The YaCy Grid is the second-generation implementation of YaCy, a peer-to-peer search engine. A YaCy Grid installation consists of a set of micro-services which communicate with each other using a common infrastructure for data persistence. The task was to deploy the second-generation of YaCy Grid. To do so, we first had created a Dockerfile. This dockerfile should start the micro services such as rabbitmq, Apache ftp and elasticsearch in one docker instance along with MCP. The microservices perform following tasks:

  • Apache ftp server for asset storage.
  • RabbitMQ message queues for the message system.
  • Elasticsearch for database operations.

To launch these microservices using Dockerfile, we referred to following documentations regarding running these services locally:

For creating a Dockerfile we proceeded as follows:

FROM ubuntu:latest
MAINTAINER Harshit Prasad# Update
RUN apt-get update
RUN apt-get upgrade -y# add packages
# install jdk package for java
RUN apt-get install -y git openjdk-8-jdk

#install gradle required for build
RUN apt-get update && apt-get install -y software-properties-common
RUN add-apt-repository ppa:cwchien/gradle
RUN apt-get update
RUN apt-get install -y wget
RUN wget
RUN mkdir /opt/gradle
RUN apt-get install -y unzip
RUN unzip -d /opt/gradle
RUN PATH=$PATH:/opt/gradle/gradle-3.4.1/bin
ENV GRADLE_HOME=/opt/gradle/gradle-3.4.1
RUN gradle -v

# install apache ftp server 1.1.0
RUN wget
RUN tar xfz apache-ftpserver-1.1.0.tar.gz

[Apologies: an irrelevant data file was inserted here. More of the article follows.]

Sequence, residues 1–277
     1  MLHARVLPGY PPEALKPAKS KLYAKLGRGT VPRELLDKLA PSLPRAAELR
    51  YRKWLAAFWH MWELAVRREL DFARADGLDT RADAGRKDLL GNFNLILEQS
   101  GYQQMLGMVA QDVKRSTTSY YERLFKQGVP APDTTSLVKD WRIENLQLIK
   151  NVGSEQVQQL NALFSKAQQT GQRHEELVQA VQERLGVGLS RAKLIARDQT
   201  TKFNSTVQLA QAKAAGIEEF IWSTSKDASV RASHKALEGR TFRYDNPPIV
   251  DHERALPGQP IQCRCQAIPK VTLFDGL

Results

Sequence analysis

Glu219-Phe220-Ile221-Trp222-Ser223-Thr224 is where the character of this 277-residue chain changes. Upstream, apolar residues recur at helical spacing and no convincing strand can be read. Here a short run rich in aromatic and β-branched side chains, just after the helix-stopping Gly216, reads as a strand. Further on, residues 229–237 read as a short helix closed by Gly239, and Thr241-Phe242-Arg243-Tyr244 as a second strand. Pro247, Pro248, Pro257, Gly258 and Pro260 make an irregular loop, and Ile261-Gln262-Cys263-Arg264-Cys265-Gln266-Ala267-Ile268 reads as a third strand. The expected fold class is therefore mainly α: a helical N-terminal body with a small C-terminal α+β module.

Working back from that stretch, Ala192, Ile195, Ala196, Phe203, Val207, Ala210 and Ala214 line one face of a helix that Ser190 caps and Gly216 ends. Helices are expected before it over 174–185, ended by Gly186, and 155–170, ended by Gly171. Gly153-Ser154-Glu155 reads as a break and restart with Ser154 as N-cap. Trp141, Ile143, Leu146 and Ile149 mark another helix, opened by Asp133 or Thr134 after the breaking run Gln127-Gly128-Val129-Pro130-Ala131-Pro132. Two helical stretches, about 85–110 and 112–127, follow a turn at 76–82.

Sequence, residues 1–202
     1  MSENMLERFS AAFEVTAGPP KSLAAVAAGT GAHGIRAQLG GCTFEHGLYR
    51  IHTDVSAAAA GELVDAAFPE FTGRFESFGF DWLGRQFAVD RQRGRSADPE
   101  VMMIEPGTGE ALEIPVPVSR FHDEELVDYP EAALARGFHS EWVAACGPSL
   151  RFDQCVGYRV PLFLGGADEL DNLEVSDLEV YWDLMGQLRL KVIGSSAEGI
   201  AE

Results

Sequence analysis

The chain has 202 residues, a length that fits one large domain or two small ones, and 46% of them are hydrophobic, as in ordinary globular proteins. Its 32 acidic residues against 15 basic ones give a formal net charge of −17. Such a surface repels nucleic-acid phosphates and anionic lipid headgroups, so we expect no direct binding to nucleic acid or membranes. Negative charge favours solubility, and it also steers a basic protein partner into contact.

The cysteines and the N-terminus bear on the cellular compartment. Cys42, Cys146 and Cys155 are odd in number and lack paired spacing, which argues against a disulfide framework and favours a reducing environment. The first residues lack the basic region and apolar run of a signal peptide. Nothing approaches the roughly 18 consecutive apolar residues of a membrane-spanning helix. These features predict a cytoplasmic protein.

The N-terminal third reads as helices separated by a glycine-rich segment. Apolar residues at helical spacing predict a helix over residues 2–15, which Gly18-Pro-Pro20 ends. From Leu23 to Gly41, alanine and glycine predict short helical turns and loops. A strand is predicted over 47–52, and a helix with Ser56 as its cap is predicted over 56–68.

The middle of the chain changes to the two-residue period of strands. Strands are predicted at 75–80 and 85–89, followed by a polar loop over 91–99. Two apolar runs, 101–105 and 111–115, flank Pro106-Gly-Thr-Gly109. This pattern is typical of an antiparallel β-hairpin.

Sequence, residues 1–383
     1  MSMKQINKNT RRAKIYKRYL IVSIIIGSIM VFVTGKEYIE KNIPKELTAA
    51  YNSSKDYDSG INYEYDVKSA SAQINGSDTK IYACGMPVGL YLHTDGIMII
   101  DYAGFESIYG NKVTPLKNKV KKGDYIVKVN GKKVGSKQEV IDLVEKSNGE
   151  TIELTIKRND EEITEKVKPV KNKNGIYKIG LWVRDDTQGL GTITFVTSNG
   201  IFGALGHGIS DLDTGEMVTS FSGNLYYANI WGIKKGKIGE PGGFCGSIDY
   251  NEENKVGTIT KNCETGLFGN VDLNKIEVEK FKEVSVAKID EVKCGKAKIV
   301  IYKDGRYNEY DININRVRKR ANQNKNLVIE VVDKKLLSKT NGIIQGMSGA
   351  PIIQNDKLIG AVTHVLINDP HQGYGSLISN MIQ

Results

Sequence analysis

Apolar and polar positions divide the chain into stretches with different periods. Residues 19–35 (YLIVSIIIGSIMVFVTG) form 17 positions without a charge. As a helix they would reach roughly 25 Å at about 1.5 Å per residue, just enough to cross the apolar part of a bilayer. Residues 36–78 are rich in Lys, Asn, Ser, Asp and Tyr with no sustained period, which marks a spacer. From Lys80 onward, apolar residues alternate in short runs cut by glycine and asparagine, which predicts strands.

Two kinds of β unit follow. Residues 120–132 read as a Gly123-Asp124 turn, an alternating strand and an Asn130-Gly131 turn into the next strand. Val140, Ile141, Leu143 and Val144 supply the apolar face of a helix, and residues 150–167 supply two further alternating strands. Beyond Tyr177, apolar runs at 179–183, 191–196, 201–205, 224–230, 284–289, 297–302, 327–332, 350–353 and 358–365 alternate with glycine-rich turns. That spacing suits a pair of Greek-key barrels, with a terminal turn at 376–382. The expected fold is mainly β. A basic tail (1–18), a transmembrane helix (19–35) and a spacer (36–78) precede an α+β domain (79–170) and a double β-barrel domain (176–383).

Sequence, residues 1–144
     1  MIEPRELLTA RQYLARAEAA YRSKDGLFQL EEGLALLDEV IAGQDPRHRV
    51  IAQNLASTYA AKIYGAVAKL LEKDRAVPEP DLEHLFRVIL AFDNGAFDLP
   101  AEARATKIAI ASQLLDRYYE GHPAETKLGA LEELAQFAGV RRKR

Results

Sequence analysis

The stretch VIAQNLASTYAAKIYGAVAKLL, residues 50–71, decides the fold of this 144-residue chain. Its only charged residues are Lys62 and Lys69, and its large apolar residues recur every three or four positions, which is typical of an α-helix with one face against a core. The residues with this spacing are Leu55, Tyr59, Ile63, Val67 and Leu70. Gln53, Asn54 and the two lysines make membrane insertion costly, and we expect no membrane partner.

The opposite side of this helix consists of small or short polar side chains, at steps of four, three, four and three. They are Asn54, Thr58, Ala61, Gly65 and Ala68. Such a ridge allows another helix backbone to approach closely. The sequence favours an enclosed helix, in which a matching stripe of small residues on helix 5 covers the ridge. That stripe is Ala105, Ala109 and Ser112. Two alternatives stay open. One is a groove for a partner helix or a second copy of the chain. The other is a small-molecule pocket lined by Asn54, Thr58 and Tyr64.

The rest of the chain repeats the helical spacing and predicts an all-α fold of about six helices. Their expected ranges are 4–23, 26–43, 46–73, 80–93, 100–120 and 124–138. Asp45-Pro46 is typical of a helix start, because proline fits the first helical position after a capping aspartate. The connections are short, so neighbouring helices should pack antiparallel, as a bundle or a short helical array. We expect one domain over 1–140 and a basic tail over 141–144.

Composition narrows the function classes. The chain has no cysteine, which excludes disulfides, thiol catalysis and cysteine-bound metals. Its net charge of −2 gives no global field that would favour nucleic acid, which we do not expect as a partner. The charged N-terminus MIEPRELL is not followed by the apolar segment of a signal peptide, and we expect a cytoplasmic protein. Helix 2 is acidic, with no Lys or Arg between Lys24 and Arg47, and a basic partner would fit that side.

# install RabbitMQ server
RUN wget
RUN tar xf rabbitmq-server-generic-unix-3.6.6.tar.xz

# install erlang language for RabbitMQ
RUN apt-get install -y erlang

# install elasticsearch
RUN wget
RUN sha1sum elasticsearch-5.5.0.tar.gz
RUN tar -xzf elasticsearch-5.5.0.tar.gz

# clone yacy_grid_mcp repository
RUN git clone
WORKDIR /yacy_grid_mcp

RUN cat docker/ > ../apacheftpserver1.1.0/res/conf/

# compile
RUN gradle build
RUN mkdir data/mcp-8100/conf/ -p
RUN cp docker/ data/mcp-8100/conf/
RUN chmod +x ./docker/

# Expose web interface ports
# 2121: ftp, a FTP server to be used for mass data / file storage
# 5672: rabbitmq, a rabbitmq message queue server to be used for global messages, queues and stacks
# 9300: elastic, an elasticsearch server or main cluster address for global database storage
EXPOSE 2121 5672 9300 9200 15672 8100

# Define default command.
ENTRYPOINT [“/bin/bash”, “./docker/”]


We have created a file to start RabbitMQ and Apache FTP services. At the end, for compilation gradle run will be executed.

adduser –disabled-password –gecos ” r
adduser r sudo
echo ‘%sudo ALL=(ALL) NOPASSWD:ALL’ >> /etc/sudoers
chmod a+rwx /elasticsearch-5.5.0 -R
su -m r -c ‘/elasticsearch-5.5.0/bin/elasticsearch &’
cd /apacheftpserver1.1.0
./bin/ res/conf/ftpdtypical.xml &
/rabbitmq_server-3.6.6/sbin/rabbitmq-server -detached
sleep 5s;
/rabbitmq_server-3.6.6/sbin/rabbitmq-plugins enable rabbitmq_management
/rabbitmq_server3.6.6/sbin/rabbitmqctl add_user yacygrid password4account
echo [{rabbit, [{loopback_users, []}]}]. >> /rabbitmq_server-3.6.6/etc/rabbitmq/rabbitmq.config
/rabbitmq_server-3.6.6/sbin/rabbitmqctl set_permissions -p / yacygrid “.*” “.*” “.*”
cd /yacy_grid_mcp
sleep 5s;
gradle run will first add username and then password. Then it will start RabbitMQ along with Apache FTP.  For username and password, we have created a separate files to configure their properties during Docker run which can be found here: